ABC’s Univision reports on this op-ed by former Colombian foreign secretary and former vice justice minister, which seems to accuse shadowy Chinese business interests of influencing the recent ICJ decision in Nicaragua v. Colombia. Here is the crux of the alleged wrongdoing (or at least shady conduct):
…in November 2012, the ICJ issued a ruling that certified that most of the contended area belonged to Colombia. Nicaragua however, was awarded an area of nearly 7,500 square kilometer.
Nicaragua needed part of the awarded area to be able to build the massive inter-oceanic canal the government is envisioning, according to Sanín and Ceballos. The canal is set to be built in 10 years at an estimated cost of nearly $30 billion.
The alleged problem is that one of the judges who delivered the ICJ’s decision is Xue Hanqin, a Chinese national who apparently knew the Nicaraguan ambassador to the court from a previous work position. The Colombians argue that Xue Hanqin probably knew about the canal and should have recused herself because her government had a major interest in the ruling’s outcome. Since she didn’t there are growing suspicions that she might have been working to advance China’s economic and geopolitical agenda.
My Spanish is even vaguer than my French, but, accepting the Univision description as accurate, than this seems like a weak attempt to discredit the ICJ decision. To be sure, it is possible that Judge Xue knew the Nicaraguan ambassador from her time as a diplomat, and it is also quite likely that she knows about the Chinese government’s interest in a Nicaraguan canal.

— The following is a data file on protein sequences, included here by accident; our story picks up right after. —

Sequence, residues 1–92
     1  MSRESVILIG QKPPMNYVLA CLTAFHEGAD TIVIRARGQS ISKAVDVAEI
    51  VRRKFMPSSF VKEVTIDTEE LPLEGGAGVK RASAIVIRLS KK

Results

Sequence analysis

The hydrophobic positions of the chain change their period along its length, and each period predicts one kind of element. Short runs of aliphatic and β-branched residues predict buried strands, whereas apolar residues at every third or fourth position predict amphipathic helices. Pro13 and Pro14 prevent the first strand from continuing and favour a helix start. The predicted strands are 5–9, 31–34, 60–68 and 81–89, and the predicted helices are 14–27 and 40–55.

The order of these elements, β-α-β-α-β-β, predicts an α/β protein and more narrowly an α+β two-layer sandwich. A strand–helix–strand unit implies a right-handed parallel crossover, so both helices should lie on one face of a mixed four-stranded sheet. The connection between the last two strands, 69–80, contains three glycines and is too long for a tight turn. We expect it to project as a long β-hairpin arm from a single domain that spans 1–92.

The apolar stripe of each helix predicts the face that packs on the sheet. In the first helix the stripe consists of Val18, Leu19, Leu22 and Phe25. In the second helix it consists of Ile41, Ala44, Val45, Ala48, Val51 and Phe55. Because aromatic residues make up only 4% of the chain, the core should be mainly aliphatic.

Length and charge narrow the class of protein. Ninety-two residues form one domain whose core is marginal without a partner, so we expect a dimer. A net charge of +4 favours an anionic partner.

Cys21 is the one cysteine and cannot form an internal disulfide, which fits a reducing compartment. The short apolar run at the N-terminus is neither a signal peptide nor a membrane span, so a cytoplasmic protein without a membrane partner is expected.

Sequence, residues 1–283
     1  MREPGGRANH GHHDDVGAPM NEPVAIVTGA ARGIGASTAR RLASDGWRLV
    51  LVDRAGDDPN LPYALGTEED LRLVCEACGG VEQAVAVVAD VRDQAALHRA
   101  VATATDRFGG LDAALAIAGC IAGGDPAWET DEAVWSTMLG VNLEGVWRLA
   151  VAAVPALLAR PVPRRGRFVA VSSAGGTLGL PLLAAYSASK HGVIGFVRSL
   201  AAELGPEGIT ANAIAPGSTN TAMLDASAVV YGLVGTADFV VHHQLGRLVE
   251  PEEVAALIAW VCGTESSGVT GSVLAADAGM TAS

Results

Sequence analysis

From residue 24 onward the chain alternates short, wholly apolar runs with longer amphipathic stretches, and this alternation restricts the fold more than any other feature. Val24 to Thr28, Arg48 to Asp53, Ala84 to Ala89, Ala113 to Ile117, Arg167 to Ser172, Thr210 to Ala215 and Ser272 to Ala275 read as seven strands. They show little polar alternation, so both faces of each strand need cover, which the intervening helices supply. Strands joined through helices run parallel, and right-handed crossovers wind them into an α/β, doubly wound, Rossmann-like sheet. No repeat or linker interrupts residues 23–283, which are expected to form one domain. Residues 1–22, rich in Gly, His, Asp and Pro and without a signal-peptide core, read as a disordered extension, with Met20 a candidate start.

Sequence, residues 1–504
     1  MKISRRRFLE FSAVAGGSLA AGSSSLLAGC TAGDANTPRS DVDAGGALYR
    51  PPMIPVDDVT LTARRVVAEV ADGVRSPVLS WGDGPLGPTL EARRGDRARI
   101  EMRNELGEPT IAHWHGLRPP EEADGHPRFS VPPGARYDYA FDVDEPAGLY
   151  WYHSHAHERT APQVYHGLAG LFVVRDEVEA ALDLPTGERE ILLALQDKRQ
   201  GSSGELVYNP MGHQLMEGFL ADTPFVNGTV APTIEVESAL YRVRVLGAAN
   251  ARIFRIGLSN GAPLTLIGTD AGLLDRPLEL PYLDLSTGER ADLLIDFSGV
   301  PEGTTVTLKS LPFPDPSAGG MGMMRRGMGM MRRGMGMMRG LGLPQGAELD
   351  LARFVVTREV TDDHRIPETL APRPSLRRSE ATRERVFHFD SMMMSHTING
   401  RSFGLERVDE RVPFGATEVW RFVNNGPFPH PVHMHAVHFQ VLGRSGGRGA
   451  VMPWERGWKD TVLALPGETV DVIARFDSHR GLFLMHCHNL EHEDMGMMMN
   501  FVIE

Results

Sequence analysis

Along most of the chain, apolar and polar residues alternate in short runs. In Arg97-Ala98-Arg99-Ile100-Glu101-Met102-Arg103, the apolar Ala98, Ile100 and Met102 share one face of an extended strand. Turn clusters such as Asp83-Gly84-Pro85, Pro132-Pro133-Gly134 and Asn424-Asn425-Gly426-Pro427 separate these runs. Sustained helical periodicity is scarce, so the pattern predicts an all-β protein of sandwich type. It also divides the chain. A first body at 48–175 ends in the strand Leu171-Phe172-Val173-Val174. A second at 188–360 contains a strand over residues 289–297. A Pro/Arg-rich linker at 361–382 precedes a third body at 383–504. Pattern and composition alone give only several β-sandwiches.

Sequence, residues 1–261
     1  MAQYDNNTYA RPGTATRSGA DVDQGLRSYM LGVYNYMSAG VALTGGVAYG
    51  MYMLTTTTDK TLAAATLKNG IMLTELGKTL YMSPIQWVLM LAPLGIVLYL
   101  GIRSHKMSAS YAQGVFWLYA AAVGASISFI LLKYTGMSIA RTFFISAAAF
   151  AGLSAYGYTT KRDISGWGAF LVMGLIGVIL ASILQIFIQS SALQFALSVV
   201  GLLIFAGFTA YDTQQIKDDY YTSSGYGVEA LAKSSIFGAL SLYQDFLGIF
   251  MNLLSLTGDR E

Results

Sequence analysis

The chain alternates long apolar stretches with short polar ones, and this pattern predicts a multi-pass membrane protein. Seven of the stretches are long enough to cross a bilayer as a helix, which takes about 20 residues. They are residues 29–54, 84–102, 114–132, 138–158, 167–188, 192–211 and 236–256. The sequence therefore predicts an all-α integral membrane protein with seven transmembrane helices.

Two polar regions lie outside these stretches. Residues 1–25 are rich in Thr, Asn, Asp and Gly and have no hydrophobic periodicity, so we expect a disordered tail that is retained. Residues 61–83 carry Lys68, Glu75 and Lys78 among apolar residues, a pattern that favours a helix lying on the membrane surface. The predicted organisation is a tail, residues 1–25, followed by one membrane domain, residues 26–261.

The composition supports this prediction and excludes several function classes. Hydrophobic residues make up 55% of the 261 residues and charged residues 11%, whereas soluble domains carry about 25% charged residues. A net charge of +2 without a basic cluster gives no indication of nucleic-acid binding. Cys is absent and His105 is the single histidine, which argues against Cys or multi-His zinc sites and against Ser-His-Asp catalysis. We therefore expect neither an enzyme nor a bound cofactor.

But none of that seems to be close to enough to require a recusal or its equivalent. To be sure, the ICJ’s practice on recusal is pretty lax, and could use some further development. But even if you think that the Egyptian judge should have been recused from the Israeli Wall advisory opinion, at least the accusation there was about statements made, or views held, by the individual judge. It was not a claim that he should recuse himself because the Egyptian government opposed the Wall.
But the Colombians are essentially saying that because the Chinese government would have favored the Nicaraguan case, and had a material interest in a favorable outcome, its judge should have recused herself. That could not be the rule, since it would require recusals all the time. Now, if they had evidence Judge Xue held shares in a Chinese company that was building the canal, that would be something. But there is no such accusation, as far as I can tell. (Note: Colombia did not even request her recusal).
Is Judge Xue biased? I suppose she might have been. But she would not have been much more biased than any of the other judges on the ICJ. With 15 judges, her bias could not have been all that important in the ICJ’s unanimous opinion anyway.